1 Corinthians Chapter 11–What Stands Out

As I’ve continued my devotional reading of 1 Corinthians, this is the phrase that stood out for me in Chapter 11:

“...all things are from God” 1 Corinthians 11:12b

As Martin Luther liked to put it, “this is most certainly true,” but how often do we stop to think about it? Everything we have is a gracious gift from God — our spouse, our families, our friends, our home. In addition, we owe everything we are to God. Psalm 139 tells us:

“For you (God) created my inmost being;
    you knit me together in my mother’s womb.” Psalm 139:13

God gave us the abilities, the talents, and the personality that make us the person we are. Gratitude should be our overwhelming response. Even when difficult things happen, God allows them and uses them for our good and the good of others.

“And we know that for those who love God, all things work together for good, for those who are called according to His purpose.” Romans 8:28

Whatever is going on in our lives, we can be assured that God has a good purpose. He loves us, He blesses us, He uses us to bless others. It’s hard to give thanks for suffering, but this is comforting and consoling.

“For everything created by God is good, and nothing is to be rejected if it is received with thanksgiving, for it is made holy by the word of God and prayer.” 1 Timothy 4:4

For the things that are ours, we should give thanks. When troubles come, we should pray and wait to see God’s plan at work. Nothing is random. We’re in His hands. We can trust Him.

For more about God’s plan see:

Your Dream. God’s Plan. by Tiffany Smiling — Book Review

Everything According To God’s Plan & Timing

Taking Care of God’s Stuff

Growing Up, Part 3

When Terry and I joined the congregation, I didn’t have any experience at being an active, adult member. As a child, a family friend took me to church, Sunday School and Vacation Bible School. As a teenager and young adult, I attended services sporadically. Then after Terry and I got married, we decided to join a church, but basically, we just sat in the pew on Sunday morning. I thought that’s what belonging to a church was all about, but I was wrong. When we joined Peace In Christ, there were maybe 50 or 60 members, and God must have known just what I needed, because it’s hard to hide in a group that size. In fact, I was elected Recording Secretary at the first congregational meeting I attended. What a shock! I didn’t realize that in a small church agreeing to serve meant you got the job. Soon the pastor found out I liked to write and he suggested I get involved in helping with the newsletter and writing articles about the church for the local newspaper. I really enjoyed that, but I still wasn’t studying the Bible. After all, I knew all those stories from Sunday School class, and had even taken some courses about the Bible as literature in college. I didn’t think I needed any more.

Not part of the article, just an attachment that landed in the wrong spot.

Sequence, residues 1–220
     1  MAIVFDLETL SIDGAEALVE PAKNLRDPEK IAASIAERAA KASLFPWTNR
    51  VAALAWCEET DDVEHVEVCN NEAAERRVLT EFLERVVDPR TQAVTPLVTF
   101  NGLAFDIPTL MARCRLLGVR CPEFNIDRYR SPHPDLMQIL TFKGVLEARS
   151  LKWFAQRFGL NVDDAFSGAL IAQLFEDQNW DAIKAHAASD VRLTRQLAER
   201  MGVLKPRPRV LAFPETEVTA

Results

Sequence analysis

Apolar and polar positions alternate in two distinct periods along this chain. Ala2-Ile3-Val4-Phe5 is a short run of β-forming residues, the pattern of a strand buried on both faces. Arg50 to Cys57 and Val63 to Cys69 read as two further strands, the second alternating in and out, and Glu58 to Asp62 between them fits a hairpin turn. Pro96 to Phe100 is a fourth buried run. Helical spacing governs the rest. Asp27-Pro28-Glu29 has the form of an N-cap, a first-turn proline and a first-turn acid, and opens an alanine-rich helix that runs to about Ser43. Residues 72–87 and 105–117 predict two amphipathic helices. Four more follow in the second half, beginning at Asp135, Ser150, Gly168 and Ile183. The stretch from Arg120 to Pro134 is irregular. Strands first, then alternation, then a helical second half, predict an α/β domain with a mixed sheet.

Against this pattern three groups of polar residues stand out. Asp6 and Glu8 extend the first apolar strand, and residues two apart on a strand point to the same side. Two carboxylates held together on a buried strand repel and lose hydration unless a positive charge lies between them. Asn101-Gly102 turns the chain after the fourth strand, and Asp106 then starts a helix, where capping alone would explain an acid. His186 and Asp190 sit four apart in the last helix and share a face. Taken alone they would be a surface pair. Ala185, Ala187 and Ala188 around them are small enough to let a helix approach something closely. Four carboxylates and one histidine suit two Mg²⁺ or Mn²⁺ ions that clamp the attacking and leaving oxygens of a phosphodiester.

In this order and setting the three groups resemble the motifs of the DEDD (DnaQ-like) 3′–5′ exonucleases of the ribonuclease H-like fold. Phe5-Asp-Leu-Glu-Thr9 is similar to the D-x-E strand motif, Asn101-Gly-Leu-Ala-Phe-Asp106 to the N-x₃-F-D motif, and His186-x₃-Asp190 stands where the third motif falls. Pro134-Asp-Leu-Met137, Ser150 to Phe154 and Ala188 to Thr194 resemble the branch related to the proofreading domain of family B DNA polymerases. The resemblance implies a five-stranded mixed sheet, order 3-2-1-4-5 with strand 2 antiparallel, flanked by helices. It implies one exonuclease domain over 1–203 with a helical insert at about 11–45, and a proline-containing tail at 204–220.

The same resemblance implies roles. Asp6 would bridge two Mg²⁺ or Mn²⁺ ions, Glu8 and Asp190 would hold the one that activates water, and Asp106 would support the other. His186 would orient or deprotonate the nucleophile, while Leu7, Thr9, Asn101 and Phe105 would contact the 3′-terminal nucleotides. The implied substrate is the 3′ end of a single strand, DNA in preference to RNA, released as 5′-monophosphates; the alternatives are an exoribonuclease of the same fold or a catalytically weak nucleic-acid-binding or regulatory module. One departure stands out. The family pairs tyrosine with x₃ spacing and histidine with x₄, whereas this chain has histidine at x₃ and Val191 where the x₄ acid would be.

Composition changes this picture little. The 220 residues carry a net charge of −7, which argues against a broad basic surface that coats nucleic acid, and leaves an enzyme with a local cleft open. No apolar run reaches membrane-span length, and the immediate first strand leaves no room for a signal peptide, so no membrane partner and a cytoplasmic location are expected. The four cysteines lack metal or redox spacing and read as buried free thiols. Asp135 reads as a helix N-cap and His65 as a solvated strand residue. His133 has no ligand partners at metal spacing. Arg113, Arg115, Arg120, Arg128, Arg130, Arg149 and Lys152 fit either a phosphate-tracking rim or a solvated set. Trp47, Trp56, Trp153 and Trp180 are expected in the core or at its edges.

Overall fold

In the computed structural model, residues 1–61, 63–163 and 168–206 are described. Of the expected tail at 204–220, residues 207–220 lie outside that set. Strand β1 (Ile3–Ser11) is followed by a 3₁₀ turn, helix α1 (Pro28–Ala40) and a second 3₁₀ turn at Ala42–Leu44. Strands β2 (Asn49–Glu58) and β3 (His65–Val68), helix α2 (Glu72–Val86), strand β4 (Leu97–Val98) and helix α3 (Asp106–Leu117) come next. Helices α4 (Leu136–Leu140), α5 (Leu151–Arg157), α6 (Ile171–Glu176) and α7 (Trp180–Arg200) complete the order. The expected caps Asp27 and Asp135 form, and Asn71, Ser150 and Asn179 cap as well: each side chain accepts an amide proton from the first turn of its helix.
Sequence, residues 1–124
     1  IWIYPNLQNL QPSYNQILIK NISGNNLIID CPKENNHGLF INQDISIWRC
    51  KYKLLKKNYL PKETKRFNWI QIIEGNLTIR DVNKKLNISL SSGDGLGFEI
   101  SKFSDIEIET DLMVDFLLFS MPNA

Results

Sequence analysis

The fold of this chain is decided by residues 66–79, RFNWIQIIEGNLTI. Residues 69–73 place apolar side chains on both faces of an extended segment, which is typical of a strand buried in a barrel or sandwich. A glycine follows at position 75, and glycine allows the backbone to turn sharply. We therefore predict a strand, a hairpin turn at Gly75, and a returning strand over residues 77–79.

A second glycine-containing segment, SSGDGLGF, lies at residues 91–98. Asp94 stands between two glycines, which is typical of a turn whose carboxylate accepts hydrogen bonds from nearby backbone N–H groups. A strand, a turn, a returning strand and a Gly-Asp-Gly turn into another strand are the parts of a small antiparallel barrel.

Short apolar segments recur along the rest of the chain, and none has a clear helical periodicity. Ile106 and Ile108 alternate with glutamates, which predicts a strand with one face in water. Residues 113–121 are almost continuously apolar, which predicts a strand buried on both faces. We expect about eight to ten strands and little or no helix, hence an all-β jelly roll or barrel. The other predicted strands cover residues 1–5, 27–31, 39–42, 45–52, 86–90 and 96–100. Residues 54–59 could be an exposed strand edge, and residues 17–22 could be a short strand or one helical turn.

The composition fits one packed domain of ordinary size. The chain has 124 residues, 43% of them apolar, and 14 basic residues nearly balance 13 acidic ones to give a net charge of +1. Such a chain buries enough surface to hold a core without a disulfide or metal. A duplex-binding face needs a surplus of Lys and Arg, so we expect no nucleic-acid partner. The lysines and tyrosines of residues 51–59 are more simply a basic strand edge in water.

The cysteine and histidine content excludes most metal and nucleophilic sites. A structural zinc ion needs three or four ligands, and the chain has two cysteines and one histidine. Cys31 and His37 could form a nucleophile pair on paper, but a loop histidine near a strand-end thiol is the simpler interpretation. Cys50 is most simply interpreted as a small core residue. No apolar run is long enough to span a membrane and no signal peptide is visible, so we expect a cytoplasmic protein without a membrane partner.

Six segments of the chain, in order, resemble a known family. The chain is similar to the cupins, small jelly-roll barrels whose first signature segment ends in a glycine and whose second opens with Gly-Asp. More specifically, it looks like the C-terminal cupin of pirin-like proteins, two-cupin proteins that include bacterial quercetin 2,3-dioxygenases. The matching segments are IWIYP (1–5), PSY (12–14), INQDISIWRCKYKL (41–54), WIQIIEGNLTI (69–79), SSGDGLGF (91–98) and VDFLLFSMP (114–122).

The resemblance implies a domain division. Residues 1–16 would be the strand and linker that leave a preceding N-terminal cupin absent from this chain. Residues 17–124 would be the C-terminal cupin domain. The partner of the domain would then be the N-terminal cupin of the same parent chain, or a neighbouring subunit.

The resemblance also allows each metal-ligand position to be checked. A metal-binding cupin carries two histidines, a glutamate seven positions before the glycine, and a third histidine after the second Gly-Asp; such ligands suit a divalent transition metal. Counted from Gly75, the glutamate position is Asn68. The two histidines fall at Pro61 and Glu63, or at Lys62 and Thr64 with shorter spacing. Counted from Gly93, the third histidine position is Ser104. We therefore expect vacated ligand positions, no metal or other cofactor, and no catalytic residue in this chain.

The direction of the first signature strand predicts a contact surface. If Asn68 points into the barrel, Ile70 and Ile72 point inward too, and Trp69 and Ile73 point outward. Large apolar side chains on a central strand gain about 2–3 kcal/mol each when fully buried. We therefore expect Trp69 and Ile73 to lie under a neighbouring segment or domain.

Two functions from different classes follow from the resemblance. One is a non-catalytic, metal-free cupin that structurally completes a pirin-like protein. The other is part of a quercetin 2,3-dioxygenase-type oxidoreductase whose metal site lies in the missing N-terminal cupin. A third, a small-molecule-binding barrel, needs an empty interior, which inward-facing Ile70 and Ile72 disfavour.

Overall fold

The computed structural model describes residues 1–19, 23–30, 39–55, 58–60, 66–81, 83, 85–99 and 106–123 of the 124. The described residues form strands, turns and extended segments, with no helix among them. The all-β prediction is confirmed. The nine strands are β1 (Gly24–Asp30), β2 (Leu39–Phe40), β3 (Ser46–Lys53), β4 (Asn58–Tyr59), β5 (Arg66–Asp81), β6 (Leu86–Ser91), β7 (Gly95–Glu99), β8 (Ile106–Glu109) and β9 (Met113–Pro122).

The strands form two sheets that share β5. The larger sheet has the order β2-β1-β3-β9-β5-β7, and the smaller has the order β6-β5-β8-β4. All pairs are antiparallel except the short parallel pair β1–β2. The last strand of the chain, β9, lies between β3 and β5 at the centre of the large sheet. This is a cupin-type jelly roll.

Life has a way of moving along and changing, though, and pretty soon our first child was born. Before I knew it, she was two years old, and the nice people at church were asking if she could stay for Sunday School. Of course, that meant that Terry and I joined the adult class–what else was there to do for that hour? There I got another surprise–I discovered that the Bible is more than history or literature, it’s a guide for living life. In 1 Timothy 3:16-17 we read:

All Scripture is God-breathed and is useful for teaching, rebuking, correcting and training in righteousness, so that the man of God may be thoroughly equipped for every good work.”

I got to know other Christians — the ones in the Bible, and the ones in class–most of whom were more mature in the faith than I was at the time. I saw how, despite their flaws and mistakes they had a living faith–vibrant and growing. Here were people who prayed before making a decision–I had never done that. They loved and served some of the most unlovable people. They had a purpose in life. I admired them and I began to want to be more like them.

Stay tuned for more tomorrow …..

For more posts about Bible study see:

The Greatest Bible Study

Study Resources for Ladies

A Prayer Before Study

Words Count

I just finished a library book recently that was classified as “young adult” fiction. The main characters were teenagers, and the plot revolved around a murder and the efforts of these young people to find out who killed their friend. It was engaging and well written except for one glaring problem — some of the words were, in my mind, unacceptable. Why would such crude speech be used in a book aimed at young people? In fact, why is it okay to use such words at all? What message is being sent? The Bible tells us:

“Nor should there be obscenity, foolish talk or coarse joking, which are out of place, but rather thanksgiving.” Ephesians 4:7

I’m not a prude and I’m not unrealistic. I know sometimes certain words fly out in anger, in pain, and so on. That doesn’t make it right, but it happens. However, I object to the normalization of this kind of language. Our speech matters. The words we use affect others and should be chosen judiciously. When we speak, we’re setting an example. If the books we read, the movies and television shows we watch, and the people we respect use bad language, soon everyone will.